While the Blues defined the experiences of Black Americans at the turn of the 20th century, Black intellectuals and Artists were struggling to rebuild a sense of cultural identity within the community. Painful, potent memories of horrific encounters throughout the South continued to haunt the collective consciousness of emancipated slaves, frustrating their efforts to move forward into the future. In Black Looks: Race and Representation, social theorist, philosopher, and intersectional feminist bell hooks writes about the importance of searching out veiled and disquieting truths in order to recover and heal from past wounds. She documents the need to protect African-American histories from revisionists writing to subvert and destroy the experiences of Black citizens, and their contributions to American culture:
One must face written histories that erase and deny, that reinvent the past to make the present vision of racial harmony and pluralism more plausible. To bear the burden of memory one must willingly journey to places long uninhabited, searching the debris of history for traces of the unforgettable, all knowledge of which has been suppressed… Theorizing black experience, we seek to uncover, restore, as well as to deconstruct, so that new paths, different journeys are possible. (hooks, 172)
hooks argues that psychological traumas remaining within the African American collective psyche are the residual side-effects of having been forcefully cut-off and disconnected from their cultural heritage and language. After the dehumanizing experiences of slavery that had controlled power of speech and observation, hooks theorizes that “systems of domination, imperialism, and racism actively coerce black folks to internalize negative perceptions of blackness, to be self-hating” (hooks, 166). Simone confronts this unmistakable absence of Black African American culture in her song “Ain’t Got No/I Got Life”(1968), in which she sings about the missing and separated family members, belief systems, and national heritage.
Ain’t got no father, ain’t got no mother
Ain’t got no children, ain’t got no sisters above
Ain’t got no earth, ain’t got no faith
Ain’t got no touch, ain’t got no god
Ain’t got no love
In one of her most popular and aesthetically beautiful compositions, “Four Women” (1966), Simone confronts and contests history exorcising the voices of four stereotyped representations of Black women whose identities span time and interracial divides. Physical identifiers such as skin color, hair, lips, and body type are incited to draw allusions to the historical experiences of Black women in America. Her lyrics recount narratives of physical and sexual abuse, interracial lineage as a result of rape, prostitution, and the deep bitterness stemming from a failure to redress the institution of slavery and check racism.
My skin is black
My arms are long
My hair is woolly
My back is strong
Strong enough to take the pain
inflicted again and again
What do they call me
My name is Aunt Sarah…
Simone’s smooth piano groove hypnotizes its audience into a seductive tempo, slowly building to a soaring crescendo finale, screaming “My name is PEACHES!”, ironic in its illusions to a sour and rotten fruit, the product of a corrupt seedling born out of oppressive brutality and murder.
In recovering the suppressed and silenced narratives of Black American history, Simone’s artistry begins to transcend time and space, creating new mediums for Black entertainers and Artists within the music industry. With an extensive crossover appeal that synthesizes musical genres of the blues, jazz, pop, folk, classical, gospel, and soul, Simone radically transformed the nature of performance art when she began appropriating elements of African tribal drums and beats into her music and stage appearances. With the convergence of blackness into her performance art, Nina’s vocal harmonies and intonations evoked and stirred particular feelings in the mind of the listener. Recreating the vocal incantations of the African tribal spirit, she connected the search of Black Americans for a sense of inclusion, identity, place, and home, to the Saharan plains of the African continent, and the lost tongues and languages of their ancestry. The performance of humanity serves as a way of breaking out of the confines of commodification, and expressing sexuality, cultural politics, and racial identity.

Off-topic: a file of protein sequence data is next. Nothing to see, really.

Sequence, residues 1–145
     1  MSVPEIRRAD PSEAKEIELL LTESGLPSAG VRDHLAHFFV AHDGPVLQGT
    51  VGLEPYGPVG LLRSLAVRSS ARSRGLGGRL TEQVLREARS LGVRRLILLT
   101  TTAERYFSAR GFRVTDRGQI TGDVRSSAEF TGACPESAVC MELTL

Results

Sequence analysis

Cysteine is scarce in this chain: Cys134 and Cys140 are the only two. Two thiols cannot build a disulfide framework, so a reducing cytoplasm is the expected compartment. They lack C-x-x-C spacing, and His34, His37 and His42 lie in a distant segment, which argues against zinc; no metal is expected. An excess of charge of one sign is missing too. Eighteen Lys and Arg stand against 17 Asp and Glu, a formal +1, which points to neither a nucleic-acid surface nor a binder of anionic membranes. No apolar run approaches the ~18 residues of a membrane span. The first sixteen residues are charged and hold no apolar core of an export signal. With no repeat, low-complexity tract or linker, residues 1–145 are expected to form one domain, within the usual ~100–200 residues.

Nina’s catalogue includes an extensive repertoire of self-love and actualization melodies that communicate her commitment to instilling a sense of cultural pride and transcendent beauty within the construction of the Black identity. In a powerful interview included in the Netflix documentary feature What Happened, Miss Simone, Nina speaks on her duty as an Artist to inspire audiences. Proudly declaring her music’s ability to resonate with listeners, she communicates:
That BLACKNESS, that BLACK POWER, that BLACK PUSHING them to identify with BLACK CULTURE.
Simone names her people to be “the most beautiful creatures in the whole world — Black people … inside and outside”. She expressed her militaristic and aggressive political views when she echoed the words of Muslim minister and human rights activist Malcolm X, “By any means necessary”, detailing the lengths she is ready to go to awaken a Black cultural consciousness. Her sense of responsibility for the spiritual and mental health of the community, particularly the youth and their collective futures, is rooted in the oral histories of slaves that informed the Blues epistemology, giving Black people the psychic tools and support while navigating discriminatory and racist institutions.
While Simone has cited classical music as her first love, she arguably found her life’s calling in popular music, a medium through which she was able to disseminate her songs of social and spiritual uplift. In “The Creative Dilemma”, American social critic, author, and poet James Baldwin writes about the responsibilities of the Artist in being able to shine a light, and “illuminate [the] darkness, blaze roads through the vast forest, so that we will not, in all our doing, lose sight of its purpose, which is, after all, to make the world a more human dwelling place” (Baldwin, 66). His definition calls on the Artist to take nothing for granted, question the closely held values and traditions of society, and draw out the truths of history and reality. Striking a similar chord with ideas of the task and role of the Artist, Nina speaks passionately with the Black Journal on how she understands her responsibility as an Artist within the community: